“He was an angel on Earth, a real-life angel. He helped us with some paperwork and then got things rolling for us,” Williams said. “Thank God for all of (the volunteer groups) who are helping us. They’re God’s blessing, that’s for sure.”

Williams also said volunteers added an extra-special touch when they found a treasured photo album belonging to her mother.

“A lot of the photos were her with my father; he passed almost 20 years ago. They were irreplaceable,” Williams said. “A clean-up crew found the album in some debris over across the road. When they looked through it, they figured out who it belonged to and brought it to her. She hugged it like it was the most precious thing in the world.”


The same storm system that triggered the April 27 tornadoes in Virginia also spawned one of the most destructive and deadly tornado outbreaks to ever hit the Deep South. Ground zero was Tuscaloosa, Ala.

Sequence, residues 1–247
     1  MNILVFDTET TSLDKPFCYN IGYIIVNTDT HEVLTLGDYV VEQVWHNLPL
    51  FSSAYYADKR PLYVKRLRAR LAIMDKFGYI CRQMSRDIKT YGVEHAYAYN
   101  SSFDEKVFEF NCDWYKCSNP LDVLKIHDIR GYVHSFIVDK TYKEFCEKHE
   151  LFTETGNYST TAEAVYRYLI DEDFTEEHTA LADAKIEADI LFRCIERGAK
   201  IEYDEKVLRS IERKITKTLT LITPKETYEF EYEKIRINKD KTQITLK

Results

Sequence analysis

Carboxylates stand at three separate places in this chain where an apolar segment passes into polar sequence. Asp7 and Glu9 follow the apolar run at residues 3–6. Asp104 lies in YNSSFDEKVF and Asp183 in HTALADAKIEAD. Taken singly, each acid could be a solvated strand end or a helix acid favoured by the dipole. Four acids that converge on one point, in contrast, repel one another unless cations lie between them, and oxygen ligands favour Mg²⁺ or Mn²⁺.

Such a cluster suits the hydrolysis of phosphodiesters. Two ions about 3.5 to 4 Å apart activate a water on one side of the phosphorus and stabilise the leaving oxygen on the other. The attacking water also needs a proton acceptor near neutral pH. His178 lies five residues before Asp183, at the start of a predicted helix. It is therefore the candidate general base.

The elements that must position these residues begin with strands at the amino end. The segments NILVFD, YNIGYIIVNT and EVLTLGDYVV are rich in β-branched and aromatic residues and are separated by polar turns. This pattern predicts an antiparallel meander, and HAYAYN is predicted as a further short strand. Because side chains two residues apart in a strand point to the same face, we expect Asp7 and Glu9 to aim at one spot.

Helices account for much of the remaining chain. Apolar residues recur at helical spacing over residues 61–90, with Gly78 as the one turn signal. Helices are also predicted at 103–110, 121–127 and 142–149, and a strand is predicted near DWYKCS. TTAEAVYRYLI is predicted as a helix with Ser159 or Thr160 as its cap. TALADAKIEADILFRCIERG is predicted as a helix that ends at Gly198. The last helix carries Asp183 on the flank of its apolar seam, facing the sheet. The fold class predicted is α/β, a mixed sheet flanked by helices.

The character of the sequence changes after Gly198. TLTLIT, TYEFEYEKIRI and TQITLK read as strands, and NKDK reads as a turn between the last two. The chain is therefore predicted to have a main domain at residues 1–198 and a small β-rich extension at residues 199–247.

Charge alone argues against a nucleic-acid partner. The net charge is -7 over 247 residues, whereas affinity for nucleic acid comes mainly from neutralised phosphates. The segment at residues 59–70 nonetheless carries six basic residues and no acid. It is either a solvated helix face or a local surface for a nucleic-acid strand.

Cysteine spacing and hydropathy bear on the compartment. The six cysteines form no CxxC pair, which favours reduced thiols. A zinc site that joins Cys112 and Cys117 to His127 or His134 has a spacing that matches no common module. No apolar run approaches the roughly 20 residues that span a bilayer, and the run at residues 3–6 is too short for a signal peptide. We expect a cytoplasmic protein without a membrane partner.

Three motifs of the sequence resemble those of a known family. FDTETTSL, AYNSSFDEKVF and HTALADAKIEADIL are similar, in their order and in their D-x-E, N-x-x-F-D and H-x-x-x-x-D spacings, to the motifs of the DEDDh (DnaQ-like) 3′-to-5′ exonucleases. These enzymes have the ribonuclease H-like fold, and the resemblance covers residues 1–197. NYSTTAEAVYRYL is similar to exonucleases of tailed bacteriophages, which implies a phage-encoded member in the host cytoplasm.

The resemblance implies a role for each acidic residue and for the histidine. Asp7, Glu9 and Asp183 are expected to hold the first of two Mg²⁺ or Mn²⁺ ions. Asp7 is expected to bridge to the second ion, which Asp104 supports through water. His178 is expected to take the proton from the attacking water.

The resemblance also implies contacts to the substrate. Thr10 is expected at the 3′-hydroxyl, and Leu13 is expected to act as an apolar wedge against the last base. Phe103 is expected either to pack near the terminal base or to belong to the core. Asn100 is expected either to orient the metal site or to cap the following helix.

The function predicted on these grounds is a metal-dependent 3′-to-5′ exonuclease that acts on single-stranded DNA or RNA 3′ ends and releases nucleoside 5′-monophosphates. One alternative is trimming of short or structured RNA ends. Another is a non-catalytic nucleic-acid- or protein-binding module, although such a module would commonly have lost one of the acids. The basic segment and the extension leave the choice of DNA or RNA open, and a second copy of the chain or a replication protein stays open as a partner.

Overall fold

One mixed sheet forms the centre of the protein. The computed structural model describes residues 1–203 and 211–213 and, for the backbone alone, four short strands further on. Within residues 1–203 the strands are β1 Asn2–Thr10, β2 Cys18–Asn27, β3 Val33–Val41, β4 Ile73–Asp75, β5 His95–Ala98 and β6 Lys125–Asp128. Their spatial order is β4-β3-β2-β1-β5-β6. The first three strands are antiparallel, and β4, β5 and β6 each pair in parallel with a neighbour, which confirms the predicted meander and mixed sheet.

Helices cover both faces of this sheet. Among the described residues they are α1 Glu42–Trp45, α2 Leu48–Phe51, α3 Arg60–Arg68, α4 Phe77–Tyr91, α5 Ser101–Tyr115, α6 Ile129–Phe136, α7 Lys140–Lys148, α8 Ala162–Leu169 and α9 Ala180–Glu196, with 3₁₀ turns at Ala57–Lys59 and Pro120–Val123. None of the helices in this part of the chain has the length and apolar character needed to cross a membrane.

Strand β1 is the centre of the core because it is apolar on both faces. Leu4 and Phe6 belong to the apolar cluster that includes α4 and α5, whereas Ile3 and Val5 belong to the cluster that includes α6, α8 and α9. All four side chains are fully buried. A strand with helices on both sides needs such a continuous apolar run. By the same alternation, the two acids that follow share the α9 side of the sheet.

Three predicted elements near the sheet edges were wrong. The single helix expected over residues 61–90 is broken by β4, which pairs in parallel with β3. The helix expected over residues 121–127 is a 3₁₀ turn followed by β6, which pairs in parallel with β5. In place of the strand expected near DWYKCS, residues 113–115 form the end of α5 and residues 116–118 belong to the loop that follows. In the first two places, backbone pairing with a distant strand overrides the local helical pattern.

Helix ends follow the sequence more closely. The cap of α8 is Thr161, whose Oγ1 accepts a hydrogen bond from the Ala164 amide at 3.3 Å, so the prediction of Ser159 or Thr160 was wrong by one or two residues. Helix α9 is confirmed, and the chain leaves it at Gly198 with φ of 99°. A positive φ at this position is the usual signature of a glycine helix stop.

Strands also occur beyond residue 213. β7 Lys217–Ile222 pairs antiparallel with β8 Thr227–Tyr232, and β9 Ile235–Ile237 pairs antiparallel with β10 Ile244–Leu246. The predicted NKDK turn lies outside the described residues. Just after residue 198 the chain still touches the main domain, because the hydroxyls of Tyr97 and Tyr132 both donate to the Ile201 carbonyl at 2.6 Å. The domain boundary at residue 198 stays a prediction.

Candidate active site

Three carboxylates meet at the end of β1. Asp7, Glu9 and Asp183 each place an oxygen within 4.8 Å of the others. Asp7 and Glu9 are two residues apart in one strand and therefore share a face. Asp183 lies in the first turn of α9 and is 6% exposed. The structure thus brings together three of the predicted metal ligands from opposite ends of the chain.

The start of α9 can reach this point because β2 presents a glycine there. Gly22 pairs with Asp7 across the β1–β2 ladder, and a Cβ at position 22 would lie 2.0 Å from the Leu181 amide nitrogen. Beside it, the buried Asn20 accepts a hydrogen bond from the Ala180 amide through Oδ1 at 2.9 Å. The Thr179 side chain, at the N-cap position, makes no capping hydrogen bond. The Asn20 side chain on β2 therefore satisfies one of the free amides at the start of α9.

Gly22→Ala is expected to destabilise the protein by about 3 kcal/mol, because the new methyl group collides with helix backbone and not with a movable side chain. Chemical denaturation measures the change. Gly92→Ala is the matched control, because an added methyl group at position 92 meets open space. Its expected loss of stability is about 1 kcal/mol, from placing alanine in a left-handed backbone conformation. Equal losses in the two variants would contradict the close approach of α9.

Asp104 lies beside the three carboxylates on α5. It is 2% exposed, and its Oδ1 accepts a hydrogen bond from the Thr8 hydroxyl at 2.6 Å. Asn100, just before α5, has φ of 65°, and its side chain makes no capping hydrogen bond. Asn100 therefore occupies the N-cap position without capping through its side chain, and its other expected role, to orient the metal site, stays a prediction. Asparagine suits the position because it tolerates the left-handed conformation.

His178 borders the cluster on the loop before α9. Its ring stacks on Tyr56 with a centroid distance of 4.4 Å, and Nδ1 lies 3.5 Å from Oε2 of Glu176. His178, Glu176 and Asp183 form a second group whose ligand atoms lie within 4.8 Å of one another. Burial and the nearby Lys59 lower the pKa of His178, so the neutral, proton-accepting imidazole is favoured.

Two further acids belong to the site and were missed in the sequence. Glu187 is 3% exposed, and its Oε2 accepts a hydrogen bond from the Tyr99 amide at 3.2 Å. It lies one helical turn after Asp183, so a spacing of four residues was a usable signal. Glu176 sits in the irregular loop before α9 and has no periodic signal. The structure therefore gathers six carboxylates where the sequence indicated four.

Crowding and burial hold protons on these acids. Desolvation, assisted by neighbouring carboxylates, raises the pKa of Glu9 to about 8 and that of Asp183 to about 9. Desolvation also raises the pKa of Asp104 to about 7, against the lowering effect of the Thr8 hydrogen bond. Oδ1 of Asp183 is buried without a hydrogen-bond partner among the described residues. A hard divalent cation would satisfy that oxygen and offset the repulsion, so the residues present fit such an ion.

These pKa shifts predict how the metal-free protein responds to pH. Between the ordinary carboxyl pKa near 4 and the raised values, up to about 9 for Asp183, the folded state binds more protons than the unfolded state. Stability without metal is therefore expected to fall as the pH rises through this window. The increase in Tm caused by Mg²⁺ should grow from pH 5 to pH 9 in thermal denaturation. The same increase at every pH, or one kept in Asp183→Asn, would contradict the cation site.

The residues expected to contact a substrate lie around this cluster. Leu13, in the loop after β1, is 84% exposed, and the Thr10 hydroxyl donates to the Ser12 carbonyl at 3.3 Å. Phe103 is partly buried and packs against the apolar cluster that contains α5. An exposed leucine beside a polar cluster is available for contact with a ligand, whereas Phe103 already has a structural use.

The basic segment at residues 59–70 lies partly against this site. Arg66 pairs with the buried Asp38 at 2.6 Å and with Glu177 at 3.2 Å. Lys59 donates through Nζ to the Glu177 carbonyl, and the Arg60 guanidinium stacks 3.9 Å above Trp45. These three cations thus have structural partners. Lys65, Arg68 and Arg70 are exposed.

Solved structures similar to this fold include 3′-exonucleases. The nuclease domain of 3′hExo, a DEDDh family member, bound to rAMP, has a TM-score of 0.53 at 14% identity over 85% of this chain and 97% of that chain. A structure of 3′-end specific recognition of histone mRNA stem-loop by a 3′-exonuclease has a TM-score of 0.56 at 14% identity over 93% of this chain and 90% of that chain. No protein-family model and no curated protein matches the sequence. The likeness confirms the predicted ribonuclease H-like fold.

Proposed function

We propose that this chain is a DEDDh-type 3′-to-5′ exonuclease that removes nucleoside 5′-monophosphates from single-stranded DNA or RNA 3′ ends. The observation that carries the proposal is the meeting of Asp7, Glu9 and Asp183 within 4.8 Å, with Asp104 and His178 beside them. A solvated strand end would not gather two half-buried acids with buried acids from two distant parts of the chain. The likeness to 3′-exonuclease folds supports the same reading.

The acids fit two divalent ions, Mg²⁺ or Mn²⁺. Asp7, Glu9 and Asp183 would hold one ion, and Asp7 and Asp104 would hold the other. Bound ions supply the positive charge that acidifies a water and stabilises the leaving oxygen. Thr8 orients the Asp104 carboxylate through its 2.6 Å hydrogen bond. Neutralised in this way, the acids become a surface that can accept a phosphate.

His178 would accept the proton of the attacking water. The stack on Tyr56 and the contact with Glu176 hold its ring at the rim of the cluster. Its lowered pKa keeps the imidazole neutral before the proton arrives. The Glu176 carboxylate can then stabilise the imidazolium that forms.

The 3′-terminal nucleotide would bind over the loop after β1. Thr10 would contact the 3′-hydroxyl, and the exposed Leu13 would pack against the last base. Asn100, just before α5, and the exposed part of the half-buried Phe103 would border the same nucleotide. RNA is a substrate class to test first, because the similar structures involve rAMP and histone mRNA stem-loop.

Just after 5 p.m., a massive wedge tornado tracked across Tuscaloosa County, including the southern and eastern portions of the city of Tuscaloosa. The storm killed 41 people and injured more than 1,000 in the Tuscaloosa area alone. Six of those who died in the city were University of Alabama students. Overall, the twister claimed a total of 63 lives.

According to the National Weather Service, the EF-4 tornado’s winds reached 190 mph along what was eventually determined to be an 80-mile track across northern Alabama.

On April 29, President Barack Obama toured the crippled city, saying he had “never seen devastation like this.”

Since then, a host of faith-based organizations including the Southern Baptist Disaster Relief, The United Methodist Committee on Relief, Samaritan’s Purse and others have worked to help storm victims recover.

Texas Baptist Men brought a group of nearly 200 volunteers to help the stricken city, staying through the month of May to do everything from clearing debris to damage assessment and making repairs.